Where all do y’all play?

We play all over the Southeast. We go outside that if the opportunity arises, but we’ve got some big shows down in Florida opening for Blackfoot, Molly Hatchet. We’re doing one with Preacher Stone in October, play all over Georgia. We play Atlanta, North Georgia, North Carolina, South Carolina, Tennessee. We play a lot of the bars. We love playing the bigger clubs, but we do bar gigs too. Anything to spread our name and hone the band, you know? I was actually ready to go to Nashville a few years ago, and my buddy Brit Turner, the drummer from Blackberry Smoke, discouraged me from going. Basically he’s the one that said, you just need to get out there and play every bar, bike rally, festival, any place you can play to get your name out there, so that’s kinda what I’ve been doing.

What kind of goals do you have for the band?

My goal has always been to do it for a living. Back in the day it was to get a record deal, but nowadays you don’t really have to have a record deal. You can do it all on your own. You can get distribution deals, but nowadays you can put the whole album together yourself and put it out there yourself. You don’t really have to rely on a record company anymore. So basically to do it for a living and have fun doing it. When it’s not fun to me anymore, that’s when I’ll stop because music is pure joy to me, 100 percent. I mean I literally play my guitar every single day, and I love doing it. It’s not because I have to. So when it becomes not fun, that’s when I’ll put it down and stop.

Do you have another job now?

Yeah, I own a small construction company. I actually walked away from a 20-year corporate job, very, very good job to be able to focus more on music, to be able to have a little more leeway to play shows and do the things I need to do without compromising my career.

Can you walk us through your jobs over the years?

Actual jobs? It’s mostly been construction. I started when I was 14 working with my stepdad doing concrete construction and basically went on to be a supervisor for his company and then went on to join another construction company as a superintendent and then two or three companies as superintendent after that, leadership roles.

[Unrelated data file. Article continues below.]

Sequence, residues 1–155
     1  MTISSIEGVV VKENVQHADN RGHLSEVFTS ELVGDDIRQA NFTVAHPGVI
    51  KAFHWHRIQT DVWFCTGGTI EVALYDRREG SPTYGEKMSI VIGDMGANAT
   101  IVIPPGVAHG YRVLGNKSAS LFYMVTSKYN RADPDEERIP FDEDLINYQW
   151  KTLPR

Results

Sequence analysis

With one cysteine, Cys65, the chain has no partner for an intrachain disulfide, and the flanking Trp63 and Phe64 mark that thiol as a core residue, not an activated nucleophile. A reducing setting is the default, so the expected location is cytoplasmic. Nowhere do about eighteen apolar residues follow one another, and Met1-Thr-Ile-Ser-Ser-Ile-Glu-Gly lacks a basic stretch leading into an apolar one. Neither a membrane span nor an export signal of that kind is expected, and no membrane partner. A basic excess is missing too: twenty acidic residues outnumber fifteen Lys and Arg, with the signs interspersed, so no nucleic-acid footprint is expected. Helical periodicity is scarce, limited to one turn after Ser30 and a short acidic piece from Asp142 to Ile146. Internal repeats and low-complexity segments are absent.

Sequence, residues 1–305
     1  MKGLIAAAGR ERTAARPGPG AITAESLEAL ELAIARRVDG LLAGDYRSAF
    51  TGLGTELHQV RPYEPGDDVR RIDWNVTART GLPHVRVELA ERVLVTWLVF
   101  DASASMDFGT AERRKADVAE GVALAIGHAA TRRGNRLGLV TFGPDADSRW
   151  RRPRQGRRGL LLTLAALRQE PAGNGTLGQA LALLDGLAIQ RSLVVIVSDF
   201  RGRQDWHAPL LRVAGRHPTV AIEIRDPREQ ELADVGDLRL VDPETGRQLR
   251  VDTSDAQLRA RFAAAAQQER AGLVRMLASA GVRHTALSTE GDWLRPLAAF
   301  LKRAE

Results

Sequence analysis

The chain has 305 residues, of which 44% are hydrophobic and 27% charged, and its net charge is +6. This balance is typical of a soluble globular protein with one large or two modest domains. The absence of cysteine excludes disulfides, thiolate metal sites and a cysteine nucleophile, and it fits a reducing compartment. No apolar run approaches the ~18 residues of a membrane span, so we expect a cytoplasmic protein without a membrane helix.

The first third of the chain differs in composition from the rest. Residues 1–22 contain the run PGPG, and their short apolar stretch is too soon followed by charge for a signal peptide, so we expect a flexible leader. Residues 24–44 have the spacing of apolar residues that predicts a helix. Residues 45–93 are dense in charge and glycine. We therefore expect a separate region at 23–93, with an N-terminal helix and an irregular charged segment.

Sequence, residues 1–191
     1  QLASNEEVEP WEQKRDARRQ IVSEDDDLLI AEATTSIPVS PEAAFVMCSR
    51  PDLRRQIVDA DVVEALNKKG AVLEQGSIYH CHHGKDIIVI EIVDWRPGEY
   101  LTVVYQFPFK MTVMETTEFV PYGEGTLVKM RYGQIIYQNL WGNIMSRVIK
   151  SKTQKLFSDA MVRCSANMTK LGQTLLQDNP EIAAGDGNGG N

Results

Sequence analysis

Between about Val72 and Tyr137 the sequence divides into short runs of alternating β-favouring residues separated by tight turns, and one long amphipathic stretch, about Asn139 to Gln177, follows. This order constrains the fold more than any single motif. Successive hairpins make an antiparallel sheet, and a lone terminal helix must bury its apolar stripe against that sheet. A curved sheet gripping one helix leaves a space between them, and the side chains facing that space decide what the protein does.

In the mid ‘90s, started my own flooring company for a few years. Then I started with a company called Parker Young in Atlanta, and I was there for 20 years. I was project manager for that company, and when I left them I started my own construction company in 2017 called Appalachian Construction Services based out of Hiawassee.

What kind of things do you do with that?

We do everything. I build houses, build a lot of decks for some reason, renovations, remodels, that sort of thing. But like I say, my whole life has been in the construction business so I’m pretty well versed in doing anything, whether it’s commercial, residential, or whatever.

I try to do a lot of hands-on for a couple of reasons – I want to make sure the quality is where I want it to be, and second, to kinda get my hands dirty because I spent 20 years basically wearing starch Oxford shirts, dress shoes, dress pants. I didn’t get to get my hands dirty too much. Now it’s kind of a spiritual thing to get back and work with the guys and get dirty a little bit.

I noticed on your website it looks like the pandemic shut you down.

Oh yeah, about two and a half months. I think our last show before this happened was March 14 at the Wild Wing Café in Cumming, and the first show we played was last weekend (May 23) up here – we did a little acoustic thing to kind of get our feet wet. The first full band show was May 30 at the Sand Bar.

You try to schedule gigs on Friday and Saturday?

We do have some Wednesday and Thursday night gigs throughout. Some of the Dixie Tavern gigs were on Thursdays, and there was some acoustic stuff during the week. We would play more, but we just don’t want to oversaturate the market playing the same club, same area too many times too close together. It’ll burn the audience out more than it’ll burn the band out. But if we could play every night and make a living at it, that’s what we would do. Which, you know, we could, but it’s just making that jump. That’s what we’re working toward; I think eventually we’ll take that leap. It’s just right now we’re focusing more on the weekend thing.

Can you talk more about your connection with Rocco?